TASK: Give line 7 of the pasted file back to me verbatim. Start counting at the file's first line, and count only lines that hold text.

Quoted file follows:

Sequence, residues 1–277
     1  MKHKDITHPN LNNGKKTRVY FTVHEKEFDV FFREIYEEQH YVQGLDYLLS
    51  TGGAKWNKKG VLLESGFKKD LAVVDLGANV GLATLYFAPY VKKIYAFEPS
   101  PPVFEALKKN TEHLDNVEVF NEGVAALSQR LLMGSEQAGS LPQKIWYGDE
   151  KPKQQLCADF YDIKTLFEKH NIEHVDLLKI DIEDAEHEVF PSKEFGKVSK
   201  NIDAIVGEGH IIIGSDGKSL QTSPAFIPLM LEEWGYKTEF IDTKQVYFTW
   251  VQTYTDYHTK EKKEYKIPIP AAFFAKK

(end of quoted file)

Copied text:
   251  VQTYTDYHTK EKKEYKIPIP AAFFAKK